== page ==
That has been the experience of the co-op at 90 Riverside Drive, which enjoys an enviable financial profile with low maintenance and solid capital reserves. The shareholders have never been hit with an assessment. But as the co-op board got ready to refinance the mortgage, a round of mandatory Local Law 11 repairs came due in the summer of 2012, a year before the board's latest 10-year mortgage expired. Once the LL11 work began, unanticipated repairs and expenses arose. By the following summer, with the mortgage about to expire, some sort of interim backup financing became crucial for the co-op to cover the unanticipated bills.

Recent news affecting co-op / condo buyers, sellers, boards and residents. This week, one of the world's richest condominiums has a big, circular driveway it won't let limo drivers use. Why should it? The NYPD looks the other way as a half-dozen or more limos idle daily in a no-parking zone, spewing fumes to other, less connected buildings. Very nice, 15 Central Park West. Meanwhile, rent-controlled seniors in a co-op are forced to evict their son, and a co-op board president admits that people were ahead of him in line when he took a four-bedroom apartment at the affordable-housing East Midtown Plaza. He doesn't have six people in his family like City rules say, but so what? He's just practicing to be the kind of people who live in 15 Central Park West.

Recent news affecting co-op / condo buyers, sellers, boards and residents. This week, a 63-year-old woman in a Fifth Avenue co-op has had the same Maytag washer in her apartment for 20 years with permission and without trouble. Now the co-op board won't approve a replacement unless it's one of three hoity-toity brands. Well, lah-de-dah ... Maytag's not good enough for 'em? Let's go to court! And court may be where Trump Village West board president Igor Oberman might wind up, since a New York City Department of Investigation report accuses him of less-than-ethical things. Plus, Co-op City has an asbestos problem. Or does it?

Recent news affecting co-op / condo buyers, sellers, boards and residents. This week: Remember that deaf grandfather a couple of weeks ago in Battery Park City, where the condo board disapproved a service dog? Yeah, that dog died, but the man has another one and the board's not pursuing eviction. However, the homeowner is still pursuing an anti-discrimination lawsuit. In better news for boards, the U.S. Senate is delaying an increase in the cost of mandatory flood insurance — and speaking of which, some New York City property managers are encouraging serious disaster-prep at their buildings. Plus, it's the latest amenity: personal shoppers! Which they still don't have at Billy Joel's former co-op, now up for sale.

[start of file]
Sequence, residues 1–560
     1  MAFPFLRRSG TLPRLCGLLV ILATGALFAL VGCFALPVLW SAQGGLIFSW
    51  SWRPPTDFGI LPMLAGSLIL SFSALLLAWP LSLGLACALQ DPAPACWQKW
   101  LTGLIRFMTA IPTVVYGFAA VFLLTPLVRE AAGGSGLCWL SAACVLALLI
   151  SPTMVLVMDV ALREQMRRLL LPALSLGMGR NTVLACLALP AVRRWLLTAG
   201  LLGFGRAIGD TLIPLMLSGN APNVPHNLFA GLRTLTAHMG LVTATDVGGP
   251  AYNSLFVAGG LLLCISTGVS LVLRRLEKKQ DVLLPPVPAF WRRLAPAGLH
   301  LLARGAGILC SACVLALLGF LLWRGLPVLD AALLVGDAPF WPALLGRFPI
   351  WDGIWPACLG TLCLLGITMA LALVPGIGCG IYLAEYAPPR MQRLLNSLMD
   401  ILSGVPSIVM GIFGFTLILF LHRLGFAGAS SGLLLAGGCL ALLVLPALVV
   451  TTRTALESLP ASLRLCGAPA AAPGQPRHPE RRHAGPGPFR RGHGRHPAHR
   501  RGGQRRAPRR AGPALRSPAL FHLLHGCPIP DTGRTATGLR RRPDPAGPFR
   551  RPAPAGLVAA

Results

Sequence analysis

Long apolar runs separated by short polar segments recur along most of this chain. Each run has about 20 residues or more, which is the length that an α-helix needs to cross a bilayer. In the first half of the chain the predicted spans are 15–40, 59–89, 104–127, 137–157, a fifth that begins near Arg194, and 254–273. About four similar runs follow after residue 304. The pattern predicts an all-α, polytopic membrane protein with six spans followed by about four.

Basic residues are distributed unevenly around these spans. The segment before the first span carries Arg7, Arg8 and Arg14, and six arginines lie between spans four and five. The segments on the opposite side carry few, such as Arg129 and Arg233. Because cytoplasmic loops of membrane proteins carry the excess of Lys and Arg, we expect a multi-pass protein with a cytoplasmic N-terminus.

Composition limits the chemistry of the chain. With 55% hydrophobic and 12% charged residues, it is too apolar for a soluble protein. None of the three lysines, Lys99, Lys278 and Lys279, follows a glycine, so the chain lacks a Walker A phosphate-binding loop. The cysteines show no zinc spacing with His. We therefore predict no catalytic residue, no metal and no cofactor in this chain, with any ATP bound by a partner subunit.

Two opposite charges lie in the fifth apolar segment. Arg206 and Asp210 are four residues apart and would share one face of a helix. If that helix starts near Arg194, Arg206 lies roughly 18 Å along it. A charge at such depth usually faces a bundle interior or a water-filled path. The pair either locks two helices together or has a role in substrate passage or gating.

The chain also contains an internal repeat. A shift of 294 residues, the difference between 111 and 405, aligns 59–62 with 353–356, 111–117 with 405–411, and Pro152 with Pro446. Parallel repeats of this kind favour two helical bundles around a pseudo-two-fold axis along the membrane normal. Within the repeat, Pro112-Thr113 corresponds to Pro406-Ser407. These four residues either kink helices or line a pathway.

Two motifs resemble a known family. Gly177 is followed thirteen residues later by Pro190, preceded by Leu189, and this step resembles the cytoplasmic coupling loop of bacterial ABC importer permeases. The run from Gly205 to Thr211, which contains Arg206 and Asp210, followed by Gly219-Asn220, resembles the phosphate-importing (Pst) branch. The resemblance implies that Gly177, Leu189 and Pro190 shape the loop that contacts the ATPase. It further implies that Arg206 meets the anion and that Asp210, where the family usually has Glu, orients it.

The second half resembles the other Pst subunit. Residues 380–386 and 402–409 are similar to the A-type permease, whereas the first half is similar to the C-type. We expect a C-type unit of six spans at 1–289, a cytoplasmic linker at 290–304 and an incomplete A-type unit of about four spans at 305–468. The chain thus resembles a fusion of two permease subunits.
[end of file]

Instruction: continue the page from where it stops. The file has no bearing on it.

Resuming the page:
Michele Kleier, president of Kleier Residential and a frequent presence on the HGTV reality show Selling New York, is trying to sell Apartment 7A at 1125 Park Avenue. She describes the unit in this prewar co-op as "gracious" and "elegant," and the luxury property itself as having great amenities and lovely neighbors. She should know. She's lived in the building for 32 years, part of a phenomenon known as "resident brokers."

Resident brokers such as Kleier can be a blessing: Because the building they represent is also their home, they know it well and understand the quirks of the condo or co-op board, and thus are more likely to deliver buyers everyone will love. They have been selling apartments for a long time, frequently with few problems. Your building may have someone like this, who has become the "go-to" salesperson for residents.

Ask the Experts

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Learn all the basics of NYC co-op and condo management, with straight talk from heavy hitters in the field of co-op or condo apartments

Professionals in some of the key fields of co-op and condo board governance and building management answer common questions in their areas of expertise